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US Must Grow Out of Deficit, Not Cut: AFL-CIO President

President Obama's State of the Union address on Tuesday night highlighted the need for common or shared sacrifice. One of the ways American workers may be asked to sacrifice is, perhaps, to accept cuts in their employer-provided benefits.

Richard Trumka in Davos
CNBC.com
Richard Trumka in Davos

"Let's talk about shared sacrifice. Workers have given up their jobs, many have lost their homes, they've lost their pensions and their wages have been cut, all because we had a financial sector that was out of control," Richard Trumka, president of AFL-CIO, the organization that represents 12 million union members, told CNBC on Wednesday.

"For the last twenty years, 56 percent of all income gains have gone to the top 1 percent," Trumka said.

"They still are getting record bonuses. We would love to have shared sacrifice 'cause that would mean we would get a break for a while and they'd have to pay a little bit," he said.

"If we do invest, as the president said, in infrastructure, we can create jobs," Trumka said.

"The only way out of this deficit is not by cutting. You can't cut your way out of it, you got to grow your way out of it. So you create jobs that pay a decent wage," he said.

"Look at the countries that have done the best in this recession—Germany, the nordic countries and Japan—all have extremely high levels of unionization, all have extremely high wages, and a high benefit cost and low unemployment," Trumka said.

But some would argue that unions have benefits that exceed what we can afford in this day and age.

"The question isn't why public workers have a pension, the question is why everybody else doesn't have a pension," he said.

"First of all, you have to have fair taxation, corporations are paying the lowest tax level they've ever had—we want them to pay there fair share, we want shared sacrifice. The rich pay less taxes now then they ever have," Trumka said.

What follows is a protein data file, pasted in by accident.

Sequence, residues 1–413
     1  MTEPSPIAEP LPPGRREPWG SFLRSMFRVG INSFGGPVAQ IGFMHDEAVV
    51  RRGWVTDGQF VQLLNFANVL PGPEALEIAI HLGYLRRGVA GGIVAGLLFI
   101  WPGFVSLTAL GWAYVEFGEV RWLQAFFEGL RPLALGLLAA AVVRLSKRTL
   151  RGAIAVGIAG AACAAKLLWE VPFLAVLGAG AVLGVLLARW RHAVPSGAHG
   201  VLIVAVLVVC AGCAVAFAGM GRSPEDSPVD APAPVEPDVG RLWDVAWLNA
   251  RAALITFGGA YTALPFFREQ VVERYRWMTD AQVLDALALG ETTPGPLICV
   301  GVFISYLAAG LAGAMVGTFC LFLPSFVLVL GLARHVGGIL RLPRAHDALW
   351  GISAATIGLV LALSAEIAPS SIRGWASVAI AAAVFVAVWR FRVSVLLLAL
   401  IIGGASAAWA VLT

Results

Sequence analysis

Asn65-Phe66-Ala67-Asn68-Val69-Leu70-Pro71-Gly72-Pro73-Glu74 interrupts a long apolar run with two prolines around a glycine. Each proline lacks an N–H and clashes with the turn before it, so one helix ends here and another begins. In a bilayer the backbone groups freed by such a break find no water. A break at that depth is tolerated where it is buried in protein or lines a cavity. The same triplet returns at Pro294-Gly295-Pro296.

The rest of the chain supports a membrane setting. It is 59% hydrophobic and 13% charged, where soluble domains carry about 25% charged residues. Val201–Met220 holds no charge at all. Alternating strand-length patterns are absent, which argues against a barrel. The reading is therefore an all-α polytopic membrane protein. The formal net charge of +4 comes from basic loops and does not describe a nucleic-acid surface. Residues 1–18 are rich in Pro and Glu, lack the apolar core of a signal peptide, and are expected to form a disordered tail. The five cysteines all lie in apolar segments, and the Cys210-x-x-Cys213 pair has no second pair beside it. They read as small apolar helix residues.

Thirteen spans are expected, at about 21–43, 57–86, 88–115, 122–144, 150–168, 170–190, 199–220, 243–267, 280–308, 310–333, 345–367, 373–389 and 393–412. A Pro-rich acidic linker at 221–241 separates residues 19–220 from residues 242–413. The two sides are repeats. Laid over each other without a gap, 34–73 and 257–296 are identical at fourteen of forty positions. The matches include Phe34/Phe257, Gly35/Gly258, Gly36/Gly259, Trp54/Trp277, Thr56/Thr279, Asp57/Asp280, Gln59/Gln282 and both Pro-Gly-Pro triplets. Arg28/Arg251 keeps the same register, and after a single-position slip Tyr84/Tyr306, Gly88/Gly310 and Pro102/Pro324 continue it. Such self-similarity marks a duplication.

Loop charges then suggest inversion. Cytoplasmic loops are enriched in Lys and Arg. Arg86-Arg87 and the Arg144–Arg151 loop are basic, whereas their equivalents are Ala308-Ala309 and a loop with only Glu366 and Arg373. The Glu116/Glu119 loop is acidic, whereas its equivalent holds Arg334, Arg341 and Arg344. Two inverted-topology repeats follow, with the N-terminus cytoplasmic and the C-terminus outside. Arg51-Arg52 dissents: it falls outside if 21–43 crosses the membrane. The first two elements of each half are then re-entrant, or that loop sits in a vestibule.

"When Ronald Reagan back in the '70s put this country on a low-wage, high-compensation strategy, they had to start attacking unions. So for thirty years they've been attacking unions, trying to weaken us any way they can," he said.

"Now when you talk to workers, workers are still interested in unions. They still know they need support. They need the voice and strength of a union and quite frankly its the only way we are going to solve this joblessness, because you have to create demand," Trumka said.

"You can't create demand when 72 percent of your economy is driven by consumer spending and those wages are stagnant," he said.

"From '46 to '73, productivity in the country doubled and so did wages—that's when we built the middle class—we had about 38 percent of the members or workers in the country were covered by unions then. So collective bargaining was driving wages for everybody, not just union workers but non-union workers," Trumka said.

"From '73 to date, productivity's continued up but wages have flattened. We're down to about 12.5 percent of the workplace right now, so we don't drive those wages. That's why you're seeing the growing inequality," he said.

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